Was Oldsmobile wrong to drop the turbocharged engine rather than continuing to develop it? Perhaps, but in the early sixties, the factors have since driven the move to downsized turbocharged engines had only begun to emerge. California imposed the first automotive emissions requirements (for the recirculation of crankcase vapor) beginning with the 1963 model year, subsequently adding limits for hydrocarbon and carbon monoxide emissions that took effect three years after that, but the first federal emissions standards didn’t take effect until 1968, and those early standards (measured in parts per million or percentage of exhaust volume) didn’t necessarily favor smaller engines. Concern about carbon dioxide emissions did not enter the public consciousness until many years later, and as for fuel economy, even the most tight-fisted American consumers of this era had rather generous ideas of what constituted “good gas mileage.” Moreover, U.S. buyers, unlike their counterparts in many other markets, didn’t have (and still don’t have) any overriding financial reason to prefer smaller-displacement engines. In other words, Oldsmobile had no obvious reason to continue refining its turbocharger technology past the 1963 model year. The division’s normally aspirated cast iron V-8s better suited Oldsmobile’s contemporary priorities in nearly every respect, including fuel economy.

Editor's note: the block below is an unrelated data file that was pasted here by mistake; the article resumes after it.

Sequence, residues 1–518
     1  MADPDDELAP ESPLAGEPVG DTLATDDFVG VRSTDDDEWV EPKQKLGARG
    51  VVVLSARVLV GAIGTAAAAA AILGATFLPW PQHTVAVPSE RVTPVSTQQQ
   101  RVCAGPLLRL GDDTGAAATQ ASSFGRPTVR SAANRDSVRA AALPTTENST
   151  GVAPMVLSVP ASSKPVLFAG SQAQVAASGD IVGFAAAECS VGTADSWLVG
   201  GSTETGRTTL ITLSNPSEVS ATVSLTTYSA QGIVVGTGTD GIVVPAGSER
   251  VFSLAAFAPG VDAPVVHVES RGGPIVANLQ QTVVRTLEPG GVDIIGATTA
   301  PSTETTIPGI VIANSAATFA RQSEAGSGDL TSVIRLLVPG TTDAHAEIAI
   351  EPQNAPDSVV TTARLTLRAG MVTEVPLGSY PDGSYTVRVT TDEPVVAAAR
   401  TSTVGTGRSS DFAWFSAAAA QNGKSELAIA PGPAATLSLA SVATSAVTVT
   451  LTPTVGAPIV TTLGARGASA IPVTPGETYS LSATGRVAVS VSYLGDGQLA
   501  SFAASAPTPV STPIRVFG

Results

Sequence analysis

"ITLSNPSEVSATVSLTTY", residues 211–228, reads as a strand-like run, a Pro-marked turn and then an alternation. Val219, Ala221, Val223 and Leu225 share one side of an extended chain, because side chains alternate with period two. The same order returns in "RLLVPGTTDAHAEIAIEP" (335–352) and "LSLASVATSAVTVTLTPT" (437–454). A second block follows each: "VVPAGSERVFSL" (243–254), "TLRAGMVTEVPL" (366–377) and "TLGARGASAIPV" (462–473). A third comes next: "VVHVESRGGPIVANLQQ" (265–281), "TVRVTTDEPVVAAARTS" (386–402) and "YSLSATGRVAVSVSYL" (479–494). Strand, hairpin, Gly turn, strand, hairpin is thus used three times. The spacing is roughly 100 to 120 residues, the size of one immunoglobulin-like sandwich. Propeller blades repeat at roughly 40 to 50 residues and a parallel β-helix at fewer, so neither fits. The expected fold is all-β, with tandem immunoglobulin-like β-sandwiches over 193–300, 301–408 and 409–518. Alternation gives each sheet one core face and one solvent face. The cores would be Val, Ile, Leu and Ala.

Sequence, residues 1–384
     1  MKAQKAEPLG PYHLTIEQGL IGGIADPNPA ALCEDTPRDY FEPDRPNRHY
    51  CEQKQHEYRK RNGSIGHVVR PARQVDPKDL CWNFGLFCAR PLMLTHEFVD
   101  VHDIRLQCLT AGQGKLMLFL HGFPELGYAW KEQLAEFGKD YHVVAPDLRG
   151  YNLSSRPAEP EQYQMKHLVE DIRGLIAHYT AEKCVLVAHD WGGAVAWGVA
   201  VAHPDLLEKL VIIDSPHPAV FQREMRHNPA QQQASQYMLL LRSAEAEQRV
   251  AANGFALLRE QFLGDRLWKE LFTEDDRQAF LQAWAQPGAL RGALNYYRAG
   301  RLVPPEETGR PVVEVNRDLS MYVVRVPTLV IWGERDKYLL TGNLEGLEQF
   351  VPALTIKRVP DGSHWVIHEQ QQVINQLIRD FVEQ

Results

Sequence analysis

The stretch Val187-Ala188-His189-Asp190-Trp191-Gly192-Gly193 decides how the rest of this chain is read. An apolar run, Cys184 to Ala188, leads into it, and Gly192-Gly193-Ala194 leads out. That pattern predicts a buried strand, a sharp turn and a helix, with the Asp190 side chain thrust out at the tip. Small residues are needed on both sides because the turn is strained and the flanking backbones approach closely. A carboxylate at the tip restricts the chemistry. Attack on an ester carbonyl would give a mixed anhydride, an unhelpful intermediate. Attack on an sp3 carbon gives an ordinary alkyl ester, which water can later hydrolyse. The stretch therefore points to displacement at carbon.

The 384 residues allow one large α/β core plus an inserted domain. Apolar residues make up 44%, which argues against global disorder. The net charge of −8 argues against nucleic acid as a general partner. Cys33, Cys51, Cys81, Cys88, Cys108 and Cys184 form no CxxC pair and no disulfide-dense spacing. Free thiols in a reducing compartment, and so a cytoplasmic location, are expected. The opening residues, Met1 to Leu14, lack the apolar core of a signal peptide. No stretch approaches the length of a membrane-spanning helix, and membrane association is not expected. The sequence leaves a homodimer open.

1962 Oldsmobile F-85 convertible (blue) with Jetfire badge by Greg Gjerdingen (CC BY 2.0)

While this looks to be an authentic Jetfire badge (or at least a good replica), the blue car whose fender it adorns is an F-85 convertible; the F-85 Jetfire was never offered as a convertible. (Photo: “DSC00143” by Greg Gjerdingen, which is licensed under a Creative Commons Attribution 2.0 Generic (CC BY 2.0) license)

Although Oldsmobile didn’t try to revive the turbocharged Jetfire in the seventies, instead betting on its ill-fated diesel V-8 to boost its fleet average fuel economy, the turbocharged Buick V-6 could reasonably be regarded as a Jetfire successor. If it wasn’t exactly a direct descendant, the turbo V-6 did clearly take some worthwhile lessons from the earlier Oldsmobile and Chevrolet turbos, a rare example (like the V-6 itself) of GM promptly reviving a previously discarded innovation as soon as it had a stronger use case.

Buick's Exclusive Turbocharged V-6 Engine display, 1978 - B3847-R42-0001 (General Motors LLC / GMMA 26326)